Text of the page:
Francisco Reyes: Post-trauma care must be equitable

June 15, 2024. The Daily Reflector. By Francisco Reyes.

2023-24 Schweitzer Fellow Francisco Reyes

No one wants to be in a position where they are required to get emergency surgery to be able to survive a physical trauma, but life happens. Thankfully, for the majority of us, we are able to lay our heads on our pillows at night without having to so much as think of traumatic injuries. However, what happens if you get a call that your niece got into your brother’s nightstand, accidentally injured him in the stomach with the handgun he keeps for home protection and he is now being rushed to the hospital to undergo emergency surgery?

Luckily for you, your brother, and the rest of your family, trauma surgeons across the country have trained for several years just for situations like this and they are extremely good at what they do. Your brother is doubly lucky because in addition to having access to excellently trained surgeons, he also has a great job with great benefits, including health insurance.

But what would happen if your brother did not have a job with benefits or if he had been let go and was now part of the 26.7 million Americans in the country living without health insurance? Surely his level of care would not change much if at all, right? The answer is not as straightforward as you would think.

Hospitals across the country have implemented trauma protocols to not only reduce patient morbidity and mortality but also to standardize immediate stabilization and intervention if it is needed across all patients regardless of race, income or other social statuses. These protocols have worked for the most part. A 2022 study showed that social determinants of health such as race, ethnicity, and income had little to no impact on time to treatment initiation for patients who experienced traumatic injuries.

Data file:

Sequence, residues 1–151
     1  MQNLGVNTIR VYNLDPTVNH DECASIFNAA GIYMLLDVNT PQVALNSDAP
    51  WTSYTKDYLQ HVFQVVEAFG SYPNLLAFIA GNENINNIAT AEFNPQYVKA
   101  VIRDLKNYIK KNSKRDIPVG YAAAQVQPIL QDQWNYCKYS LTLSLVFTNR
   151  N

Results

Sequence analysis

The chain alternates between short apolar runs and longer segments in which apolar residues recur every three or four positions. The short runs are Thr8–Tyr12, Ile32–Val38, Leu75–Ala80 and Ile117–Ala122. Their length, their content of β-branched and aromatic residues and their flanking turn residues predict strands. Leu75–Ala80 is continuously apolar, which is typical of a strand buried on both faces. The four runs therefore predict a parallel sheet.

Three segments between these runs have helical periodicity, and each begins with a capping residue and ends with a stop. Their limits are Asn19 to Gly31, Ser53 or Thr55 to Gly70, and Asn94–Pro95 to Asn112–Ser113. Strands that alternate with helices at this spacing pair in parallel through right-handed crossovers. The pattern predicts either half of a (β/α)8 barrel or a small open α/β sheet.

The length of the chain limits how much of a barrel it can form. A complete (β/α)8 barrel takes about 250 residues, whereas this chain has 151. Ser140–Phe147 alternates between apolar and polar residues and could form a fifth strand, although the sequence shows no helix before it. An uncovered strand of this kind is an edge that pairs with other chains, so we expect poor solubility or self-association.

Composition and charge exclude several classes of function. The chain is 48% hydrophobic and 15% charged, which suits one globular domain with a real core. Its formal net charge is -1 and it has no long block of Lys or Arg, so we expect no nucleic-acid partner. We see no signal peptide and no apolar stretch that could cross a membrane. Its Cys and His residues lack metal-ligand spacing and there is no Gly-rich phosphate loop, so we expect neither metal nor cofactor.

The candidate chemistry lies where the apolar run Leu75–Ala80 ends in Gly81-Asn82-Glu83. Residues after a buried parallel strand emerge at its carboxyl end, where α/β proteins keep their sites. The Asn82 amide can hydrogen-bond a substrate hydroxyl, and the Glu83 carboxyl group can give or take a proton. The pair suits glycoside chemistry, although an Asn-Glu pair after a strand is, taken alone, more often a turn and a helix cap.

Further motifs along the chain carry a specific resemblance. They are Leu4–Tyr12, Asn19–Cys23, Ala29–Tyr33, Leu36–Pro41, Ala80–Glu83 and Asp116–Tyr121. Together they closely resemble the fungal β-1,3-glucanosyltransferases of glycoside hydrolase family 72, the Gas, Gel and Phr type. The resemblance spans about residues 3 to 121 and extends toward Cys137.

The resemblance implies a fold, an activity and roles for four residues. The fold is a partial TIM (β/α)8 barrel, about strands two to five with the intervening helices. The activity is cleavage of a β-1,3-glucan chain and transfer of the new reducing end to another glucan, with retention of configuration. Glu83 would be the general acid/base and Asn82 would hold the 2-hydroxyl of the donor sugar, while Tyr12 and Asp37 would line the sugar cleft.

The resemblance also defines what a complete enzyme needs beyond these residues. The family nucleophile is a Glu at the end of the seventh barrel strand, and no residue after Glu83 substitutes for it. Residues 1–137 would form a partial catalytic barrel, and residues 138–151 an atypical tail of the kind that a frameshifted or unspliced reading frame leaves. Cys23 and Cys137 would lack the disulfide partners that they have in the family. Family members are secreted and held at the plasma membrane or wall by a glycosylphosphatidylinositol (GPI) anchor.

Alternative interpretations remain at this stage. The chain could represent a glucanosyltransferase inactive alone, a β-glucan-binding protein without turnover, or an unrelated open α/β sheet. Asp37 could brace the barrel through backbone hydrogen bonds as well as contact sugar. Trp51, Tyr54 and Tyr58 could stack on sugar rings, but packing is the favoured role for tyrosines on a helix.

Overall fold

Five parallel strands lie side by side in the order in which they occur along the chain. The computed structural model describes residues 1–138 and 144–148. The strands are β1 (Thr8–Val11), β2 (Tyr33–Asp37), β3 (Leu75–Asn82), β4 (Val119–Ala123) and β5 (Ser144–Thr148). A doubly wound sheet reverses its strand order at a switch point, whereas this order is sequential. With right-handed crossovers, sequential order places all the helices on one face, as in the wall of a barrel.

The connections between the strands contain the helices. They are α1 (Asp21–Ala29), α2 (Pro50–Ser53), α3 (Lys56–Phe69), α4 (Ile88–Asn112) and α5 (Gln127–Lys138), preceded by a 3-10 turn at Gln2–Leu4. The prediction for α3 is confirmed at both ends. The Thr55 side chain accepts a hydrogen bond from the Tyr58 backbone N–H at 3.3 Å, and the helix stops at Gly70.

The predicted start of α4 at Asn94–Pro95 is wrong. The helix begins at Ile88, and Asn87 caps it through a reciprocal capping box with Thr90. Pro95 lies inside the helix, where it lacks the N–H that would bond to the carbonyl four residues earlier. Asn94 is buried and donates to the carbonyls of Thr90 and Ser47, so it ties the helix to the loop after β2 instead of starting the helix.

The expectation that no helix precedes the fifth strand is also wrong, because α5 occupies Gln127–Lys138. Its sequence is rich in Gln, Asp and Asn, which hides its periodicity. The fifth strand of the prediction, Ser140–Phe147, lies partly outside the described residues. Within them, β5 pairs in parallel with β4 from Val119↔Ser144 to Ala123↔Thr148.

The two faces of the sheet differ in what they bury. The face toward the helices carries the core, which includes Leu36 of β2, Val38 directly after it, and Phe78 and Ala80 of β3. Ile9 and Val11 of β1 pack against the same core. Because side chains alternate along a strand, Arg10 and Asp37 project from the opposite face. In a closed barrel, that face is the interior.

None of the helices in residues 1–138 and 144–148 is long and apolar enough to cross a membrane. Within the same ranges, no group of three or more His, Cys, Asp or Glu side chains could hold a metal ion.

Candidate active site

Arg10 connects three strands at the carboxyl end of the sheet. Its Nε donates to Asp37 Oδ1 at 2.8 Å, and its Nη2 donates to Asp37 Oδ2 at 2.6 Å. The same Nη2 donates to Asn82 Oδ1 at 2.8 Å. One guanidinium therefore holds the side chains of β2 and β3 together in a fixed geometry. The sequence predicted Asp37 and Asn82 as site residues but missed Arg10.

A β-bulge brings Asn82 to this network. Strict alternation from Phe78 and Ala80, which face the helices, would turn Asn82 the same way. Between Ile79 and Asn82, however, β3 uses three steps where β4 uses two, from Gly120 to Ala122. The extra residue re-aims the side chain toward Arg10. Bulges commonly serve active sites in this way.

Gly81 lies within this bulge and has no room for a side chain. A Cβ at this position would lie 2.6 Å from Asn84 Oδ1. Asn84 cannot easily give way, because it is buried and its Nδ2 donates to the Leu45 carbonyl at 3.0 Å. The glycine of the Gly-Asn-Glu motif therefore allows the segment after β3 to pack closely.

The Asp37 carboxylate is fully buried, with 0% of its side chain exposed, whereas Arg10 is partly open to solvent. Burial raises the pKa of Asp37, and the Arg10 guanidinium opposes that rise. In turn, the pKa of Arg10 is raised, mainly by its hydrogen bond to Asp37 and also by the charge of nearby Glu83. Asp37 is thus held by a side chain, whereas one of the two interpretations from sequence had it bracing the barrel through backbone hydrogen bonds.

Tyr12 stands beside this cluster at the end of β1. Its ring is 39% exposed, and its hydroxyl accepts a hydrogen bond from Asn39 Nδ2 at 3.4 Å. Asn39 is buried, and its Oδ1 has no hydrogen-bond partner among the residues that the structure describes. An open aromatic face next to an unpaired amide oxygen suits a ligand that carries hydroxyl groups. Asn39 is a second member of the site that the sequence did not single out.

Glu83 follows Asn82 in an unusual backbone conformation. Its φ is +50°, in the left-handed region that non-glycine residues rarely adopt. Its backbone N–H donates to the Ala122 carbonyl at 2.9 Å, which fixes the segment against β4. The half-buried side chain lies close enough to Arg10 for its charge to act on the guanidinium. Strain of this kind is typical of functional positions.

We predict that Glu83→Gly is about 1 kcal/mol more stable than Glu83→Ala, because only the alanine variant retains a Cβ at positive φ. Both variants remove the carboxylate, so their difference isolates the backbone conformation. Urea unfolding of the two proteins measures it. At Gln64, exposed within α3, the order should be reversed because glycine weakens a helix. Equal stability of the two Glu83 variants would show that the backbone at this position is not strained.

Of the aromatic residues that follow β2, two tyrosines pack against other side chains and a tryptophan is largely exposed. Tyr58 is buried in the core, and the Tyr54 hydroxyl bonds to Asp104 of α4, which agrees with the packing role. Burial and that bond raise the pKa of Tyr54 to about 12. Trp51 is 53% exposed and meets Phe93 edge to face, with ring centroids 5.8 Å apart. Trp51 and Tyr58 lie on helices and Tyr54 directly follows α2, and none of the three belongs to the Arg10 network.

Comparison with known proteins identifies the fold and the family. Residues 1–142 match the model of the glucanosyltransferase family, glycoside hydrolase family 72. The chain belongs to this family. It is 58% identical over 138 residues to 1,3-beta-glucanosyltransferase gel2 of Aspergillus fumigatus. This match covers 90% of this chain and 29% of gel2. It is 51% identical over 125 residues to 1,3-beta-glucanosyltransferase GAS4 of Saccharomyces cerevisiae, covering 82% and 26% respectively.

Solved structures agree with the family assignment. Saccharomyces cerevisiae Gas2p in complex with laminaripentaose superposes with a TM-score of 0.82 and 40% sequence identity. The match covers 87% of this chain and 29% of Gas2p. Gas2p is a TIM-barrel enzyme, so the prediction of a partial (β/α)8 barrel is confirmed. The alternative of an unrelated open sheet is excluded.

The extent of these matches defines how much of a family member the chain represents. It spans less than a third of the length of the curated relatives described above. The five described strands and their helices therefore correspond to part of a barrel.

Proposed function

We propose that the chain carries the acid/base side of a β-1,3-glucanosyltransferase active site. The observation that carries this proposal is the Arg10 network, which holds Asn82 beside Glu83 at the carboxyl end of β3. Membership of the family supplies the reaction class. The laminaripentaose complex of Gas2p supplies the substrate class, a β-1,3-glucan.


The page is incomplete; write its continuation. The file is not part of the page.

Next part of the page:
Despite all trauma patients receiving more or less similar treatment when they first arrive at the hospital, health disparities show up when long-term care decisions are made. Numerous studies have shown that after initial stabilization or surgery, uninsured Americans are less likely to be admitted to the hospital.

In addition, when uninsured individuals are admitted, their hospital stays are significantly shorter and they are disproportionately discharged home rather than to rehab centers or skilled nursing facilities when compared to individuals that are insured. Discharge to home rather than to facilities that provide specialized care limit the amount and kind of rehab that patients receive, which in turn increases the probability of long-term complications and reduces quality of life.

Every citizen in the United States has a right to high-quality medical care. Hospital policies and nationwide protocols have made it so that initial care of trauma patients is for the most part free of the disparities seen in other parts of medicine. As rising physicians, medical students interested in acute care surgery must strive to make the long-term management of trauma patients beyond stabilization and initial surgical care equally free from disparities.

With over 27 million uninsured Americans, something must be done to close the gap in the care of insured and uninsured trauma patients. There is no reason for someone to have to live with long-term complications simply because they were not fortunate enough to have health insurance. We owe it to our fellow citizens to push for equality for all, whether they are insured or not.

Francisco Reyes is a 2023-24 NC Schweitzer Fellow and a member of the class of 2026 at ECU Brody School of Medicine.